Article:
Santa Barbara Mission Church
Santa Barbara Mission Church
Few buildings define the Spanish heritage of our nation like the chain of 21 California missions established throughout the 18th and early 19th centuries.
Their beauty, stature and history help shape our understanding of California’s evolution and its story of Native American occupation, Spanish colonization, Mexican independence, and eventual statehood.
First established in 1786 as the 10th in the mission chain, the Santa Barbara Mission, a National Historic Landmark, is one of the most sophisticated and classically proportioned missions of the original 21. The Santa Barbara mission church, completed in 1820, is the only original mission church to survive unaltered into the 20th century. Its historic sanctuary light has never been extinguished.
Based on the form of a Roman Ionic temple, the church is immense, with stunning proportions and extraordinary architectural design that have led it to be titled the [Queen of the Missions.]
Visitors to the Santa Barbara Mission can explore the church as well as the other mission buildings and their associated historic structures. Among these are the original cemetery and mausoleum, ruins of the mission’s extensive aqueduct system, several tanning vats, and 10 acres of landscaped gardens.
A museum, guided tours, and an archive-library all help educate curious visitors, school groups, and scholars alike.
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Cathedral of Saint Mary of the Assumption
Officially named Saint Mary of the Assumption but better known simply as St. Mary´s Cathedral, this stunning San Francisco church has become an easily recognizable landmark for those who frequent the city.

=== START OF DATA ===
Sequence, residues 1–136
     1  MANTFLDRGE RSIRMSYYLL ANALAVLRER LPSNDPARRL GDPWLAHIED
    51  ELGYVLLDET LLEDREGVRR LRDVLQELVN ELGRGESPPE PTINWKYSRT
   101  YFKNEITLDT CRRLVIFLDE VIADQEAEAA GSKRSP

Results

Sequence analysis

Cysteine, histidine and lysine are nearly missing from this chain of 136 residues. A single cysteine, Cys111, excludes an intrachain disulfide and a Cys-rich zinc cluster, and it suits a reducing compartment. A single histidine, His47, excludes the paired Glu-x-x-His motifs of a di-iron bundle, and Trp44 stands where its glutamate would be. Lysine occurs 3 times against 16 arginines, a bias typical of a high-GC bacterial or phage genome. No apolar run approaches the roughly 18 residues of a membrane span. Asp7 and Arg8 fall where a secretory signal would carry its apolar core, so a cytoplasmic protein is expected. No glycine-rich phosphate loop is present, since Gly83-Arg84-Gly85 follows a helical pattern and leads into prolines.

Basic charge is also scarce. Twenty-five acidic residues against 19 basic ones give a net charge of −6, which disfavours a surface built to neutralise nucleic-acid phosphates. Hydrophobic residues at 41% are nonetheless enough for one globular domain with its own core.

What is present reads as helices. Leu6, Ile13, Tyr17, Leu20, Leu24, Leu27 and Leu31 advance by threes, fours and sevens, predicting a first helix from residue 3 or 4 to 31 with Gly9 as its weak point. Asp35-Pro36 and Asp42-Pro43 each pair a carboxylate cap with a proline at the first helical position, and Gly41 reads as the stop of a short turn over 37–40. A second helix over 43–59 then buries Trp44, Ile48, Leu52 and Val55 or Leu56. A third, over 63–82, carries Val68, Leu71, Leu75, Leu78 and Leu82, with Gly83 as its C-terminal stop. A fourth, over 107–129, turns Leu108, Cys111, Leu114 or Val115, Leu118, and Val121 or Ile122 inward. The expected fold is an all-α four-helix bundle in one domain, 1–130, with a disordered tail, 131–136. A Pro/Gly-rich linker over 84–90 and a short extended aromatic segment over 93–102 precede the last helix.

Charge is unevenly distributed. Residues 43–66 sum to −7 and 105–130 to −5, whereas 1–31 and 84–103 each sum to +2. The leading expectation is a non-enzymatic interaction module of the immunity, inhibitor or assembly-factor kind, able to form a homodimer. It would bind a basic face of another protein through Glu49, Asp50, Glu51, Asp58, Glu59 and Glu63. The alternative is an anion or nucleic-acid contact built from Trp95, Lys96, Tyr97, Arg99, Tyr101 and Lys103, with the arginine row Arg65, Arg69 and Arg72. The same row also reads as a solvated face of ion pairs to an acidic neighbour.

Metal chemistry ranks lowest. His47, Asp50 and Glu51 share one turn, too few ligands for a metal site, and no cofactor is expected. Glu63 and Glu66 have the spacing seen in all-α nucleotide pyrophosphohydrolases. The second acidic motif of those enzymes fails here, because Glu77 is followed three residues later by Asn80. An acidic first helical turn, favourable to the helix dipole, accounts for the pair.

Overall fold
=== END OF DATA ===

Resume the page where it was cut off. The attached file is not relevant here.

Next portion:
Completed in 1971, this Roman Catholic cathedral - the Mother Church of the Archdiocese of San Francisco - soars 190 feet (58m) into the air and is topped with a 55-foot-tall (17m) golden cross.
It is the third St. Mary´s to serve the people of San Francisco.
The oldest - dubbed Old St. Mary´s - still sits at California and Grant Street, at the border of Chinatown.
The other was destroyed in a fire.
The architectural style of this cathedral is usually described as Expressionist Modern.
Designed by Pier Luigi Nervi and Pietro Belluschi, the cathedral flows upward in graceful lines from each of its four corners, meeting in the middle to form a cross.
The reinforced concrete roof is covered with white Italian marble.
The four corner pylons support the cupola, which rises to 19 stories.
The pylons extend down 90 feet (27m) into the bedrock in order to provide more stable support.
According to architect´s records, the inner surface of the cupola is made up of 1,680 pre-cast triangular coffers of 128 different sizes, designed to distribute the weight of the cupola.
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